Infectious Causes of Polyarthritis in Dogs

Chapter 261

Infectious Causes of Polyarthritis in Dogs

Dogs with lameness and pain usually have disease of the muscles, joints, bone, or meninges, or have referred pain from parenchymal organs such as the prostate. The site of pain or lameness usually can be determined on careful physical examination. Some, but not all, dogs with polyarthritis have swollen, hot, painful joints. Since many causes of polyarthritis involve immune complex deposition (see discussion later), the small joints often are affected. Discomfort frequently is most evident in the carpi. Dogs with polyarthritis usually are reluctant to move, and when they ambulate the gait often is described as “walking on eggshells” because they do not want to flex the small joints.

There are three primary clinical groupings of polyarthritis based on joint fluid cytologic analysis: mononuclear polyarthritis (primary osteoarthritis and rarely primary immune disease); septic, suppurative polyarthritis (the organism causing disease is present in the joint); and nonseptic, suppurative polyarthritis (organisms are not demonstrated). Dogs with nonseptic, suppurative polyarthritis usually have either a primary immune disease (idiopathic polyarthritis or systemic lupus erythematosus [SLE]), an infectious disease, or a secondary immune reaction to noninfectious antigens. Polyarthritis also can be classified by whether the syndrome is erosive or nonerosive.

Hypersensitivity reactions are an amplification of the host’s normal defense mechanisms. These reactions are most common with infectious disease agents that cause chronic infection and persist within the body. Primary immune-mediated diseases like SLE and neoplasia also can induce hypersensitivity reactions. Immunologic hypersensitivity reactions often contribute greatly to the overall extent of pathogenic changes, particularly when the organisms involved are of relatively low virulence such as the systemic fungal agents and Bartonella spp. Type III (immune complex) hypersensitivity reactions are thought to be involved in a number of primary immune or infectious causes of polyarthritis. These reactions develop as immune complexes (antibody and specific antigen) form and are deposited in or on tissues, which leads to secondary inflammation. Alternatively, free antigen can bind to membranes and subsequently react with circulating antibody. After the immune complex is deposited, complement is fixed, which leads to an inflammatory reaction. Neutrophils and platelets are attracted to the area and release lysosomal enzymes and vasoactive substances, respectively, that lead to increased vascular permeability. Synovial membranes commonly are affected in type III hypersensitivity reactions.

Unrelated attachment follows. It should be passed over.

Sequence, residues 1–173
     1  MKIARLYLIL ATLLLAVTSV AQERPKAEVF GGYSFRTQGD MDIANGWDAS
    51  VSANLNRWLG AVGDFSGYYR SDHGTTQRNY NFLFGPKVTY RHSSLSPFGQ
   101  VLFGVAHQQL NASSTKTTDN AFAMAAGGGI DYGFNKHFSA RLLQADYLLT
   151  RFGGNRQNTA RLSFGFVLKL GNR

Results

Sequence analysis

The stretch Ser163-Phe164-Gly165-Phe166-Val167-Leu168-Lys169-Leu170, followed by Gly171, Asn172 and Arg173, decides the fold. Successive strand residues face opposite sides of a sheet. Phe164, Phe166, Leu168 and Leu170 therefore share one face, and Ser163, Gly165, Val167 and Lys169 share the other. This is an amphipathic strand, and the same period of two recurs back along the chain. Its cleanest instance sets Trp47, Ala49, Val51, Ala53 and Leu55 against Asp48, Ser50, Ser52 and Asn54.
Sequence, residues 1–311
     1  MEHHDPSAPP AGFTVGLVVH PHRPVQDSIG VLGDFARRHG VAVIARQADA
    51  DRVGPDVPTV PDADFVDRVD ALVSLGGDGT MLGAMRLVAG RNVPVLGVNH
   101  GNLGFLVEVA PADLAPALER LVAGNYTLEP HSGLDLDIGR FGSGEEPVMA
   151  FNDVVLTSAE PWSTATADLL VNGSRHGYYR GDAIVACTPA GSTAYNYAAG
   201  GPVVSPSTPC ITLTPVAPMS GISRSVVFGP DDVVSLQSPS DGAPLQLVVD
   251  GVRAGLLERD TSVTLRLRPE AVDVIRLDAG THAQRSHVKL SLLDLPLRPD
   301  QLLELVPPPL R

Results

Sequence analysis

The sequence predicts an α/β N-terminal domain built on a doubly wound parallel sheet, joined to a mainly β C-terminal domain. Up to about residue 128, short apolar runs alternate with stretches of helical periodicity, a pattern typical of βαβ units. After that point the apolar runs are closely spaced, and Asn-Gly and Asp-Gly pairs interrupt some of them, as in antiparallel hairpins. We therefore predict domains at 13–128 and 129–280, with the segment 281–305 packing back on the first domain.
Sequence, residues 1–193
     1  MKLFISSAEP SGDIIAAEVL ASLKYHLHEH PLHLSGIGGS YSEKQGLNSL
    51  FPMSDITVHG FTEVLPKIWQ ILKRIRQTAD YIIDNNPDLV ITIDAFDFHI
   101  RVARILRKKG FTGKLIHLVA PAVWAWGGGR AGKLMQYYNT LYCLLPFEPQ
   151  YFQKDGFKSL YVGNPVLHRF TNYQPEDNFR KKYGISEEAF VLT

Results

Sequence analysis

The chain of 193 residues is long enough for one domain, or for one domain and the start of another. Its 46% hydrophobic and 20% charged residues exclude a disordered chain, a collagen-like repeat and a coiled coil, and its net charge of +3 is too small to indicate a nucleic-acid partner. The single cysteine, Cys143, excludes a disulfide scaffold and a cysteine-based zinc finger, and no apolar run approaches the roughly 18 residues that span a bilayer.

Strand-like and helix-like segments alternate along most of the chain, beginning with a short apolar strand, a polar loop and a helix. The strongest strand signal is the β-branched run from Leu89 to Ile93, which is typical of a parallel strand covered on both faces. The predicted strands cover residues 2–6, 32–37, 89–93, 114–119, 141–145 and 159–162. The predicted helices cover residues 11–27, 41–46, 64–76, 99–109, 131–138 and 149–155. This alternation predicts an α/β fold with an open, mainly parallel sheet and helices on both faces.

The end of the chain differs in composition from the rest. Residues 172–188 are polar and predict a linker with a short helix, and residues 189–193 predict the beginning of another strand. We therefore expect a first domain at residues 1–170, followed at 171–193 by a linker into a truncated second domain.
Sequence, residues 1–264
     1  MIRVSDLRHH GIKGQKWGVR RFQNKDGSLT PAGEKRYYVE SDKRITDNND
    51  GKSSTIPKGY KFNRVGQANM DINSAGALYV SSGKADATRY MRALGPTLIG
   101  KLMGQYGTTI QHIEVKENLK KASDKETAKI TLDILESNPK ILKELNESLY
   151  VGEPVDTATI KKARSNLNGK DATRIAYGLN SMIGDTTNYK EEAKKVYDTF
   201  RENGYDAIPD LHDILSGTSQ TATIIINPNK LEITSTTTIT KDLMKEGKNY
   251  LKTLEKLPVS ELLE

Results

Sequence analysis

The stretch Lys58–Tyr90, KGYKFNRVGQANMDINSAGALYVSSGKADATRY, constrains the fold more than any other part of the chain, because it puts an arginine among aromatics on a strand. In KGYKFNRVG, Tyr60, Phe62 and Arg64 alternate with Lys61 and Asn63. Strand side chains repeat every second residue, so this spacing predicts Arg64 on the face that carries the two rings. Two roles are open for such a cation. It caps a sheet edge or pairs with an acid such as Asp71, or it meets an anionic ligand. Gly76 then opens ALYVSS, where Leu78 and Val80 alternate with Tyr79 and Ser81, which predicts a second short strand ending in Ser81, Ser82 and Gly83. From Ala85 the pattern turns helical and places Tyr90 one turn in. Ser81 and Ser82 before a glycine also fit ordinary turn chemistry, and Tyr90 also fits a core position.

Differential Diagnosis

Dogs with septic joints generally are systemically ill and have swollen, hot, red, and painful joints. Synovial fluid cytologic examination reveals increased numbers of nondegenerative neutrophils, degenerative neutrophils, and macrophages; bacteria, fungi, or protozoans may or may not be observed. In dogs, bacterial arthritis generally involves only one joint, and often there is a portal of entry such as a laceration or bite wound.

In most dogs with nonseptic, suppurative polyarthritis the clinical signs include intermittent fever, general malaise, anorexia, joint pain, and stiffness. However, some affected dogs can have normal findings on joint palpation. It is important to remember that the infectious causes of nonerosive, nonseptic, suppurative polyarthritis often are clinically indistinguishable from primary immune causes.

A number of vector-borne or non–vector-borne infectious agents causing polyarthritis are relatively common in the United States and include Anaplasma phagocytophilum (dogs or cats), Bartonella spp. (dogs), Borrelia burgdorferi (dogs), Ehrlichia canis (dogs or cats), Mycoplasma spp. (dogs or cats), and Rickettsia rickettsii (dogs). Since these organisms generally are not seen in the joints, the joint fluid usually is classified cytologically as nonseptic. Secondary immune-mediated, suppurative, nonerosive polyarthritis commonly occurs due to infectious diseases that do not directly involve the joints but cause inflammation from type III hypersensitivity. Examples are brucellosis, ehrlichiosis, bacterial endocarditis, chronic otitis externa, pyometra, actinomycosis, coccidioidomycosis, and leishmaniasis. Nonerosive, nonseptic, suppurative, polyarthritis also is believed to occur as a manifestation of vaccine reactions, although this is not well documented in dogs. It occurs most frequently with modified live calicivirus vaccination of kittens.

There may be other historical data and clinical signs associated with infectious causes of nonerosive, nonseptic, suppurative polyarthritis that vary with the infectious agent. For example, R. rickettsii replicates in endothelial cells, which leads to severe inflammation in multiple tissues, and so most clinically affected dogs are extremely ill. R. rickettsii infection (Rocky Mountain spotted fever) has only an acute stage; this finding, combined with the fact that tick vectors are not active in the winter, make this a seasonal syndrome (spring through fall). Most cases of R. rickettsii infection are reported in the midwestern and southeastern United States. In contrast, Ehrlichia ewingii is not seasonal, clinical signs other than polyarthritis are minimal, and infection occurs mostly in dogs living in states harboring the Lone Star tick, Amblyomma americanum. Another classic finding is that polyarthritis associated with A. phagocytophilum or B. burgdorferi infection occurs almost exclusively in dogs that have visited areas endemic for the deer tick, Ixodes spp. Finally, A. phagocytophilum, E. ewingii, and R. rickettsia primarily are associated only with acute disease, which leaves Bartonella spp., B. burgdorferi, E. canis, and Mycoplasma spp. as the most likely infectious agent differentials if polyarthritis has been present long term.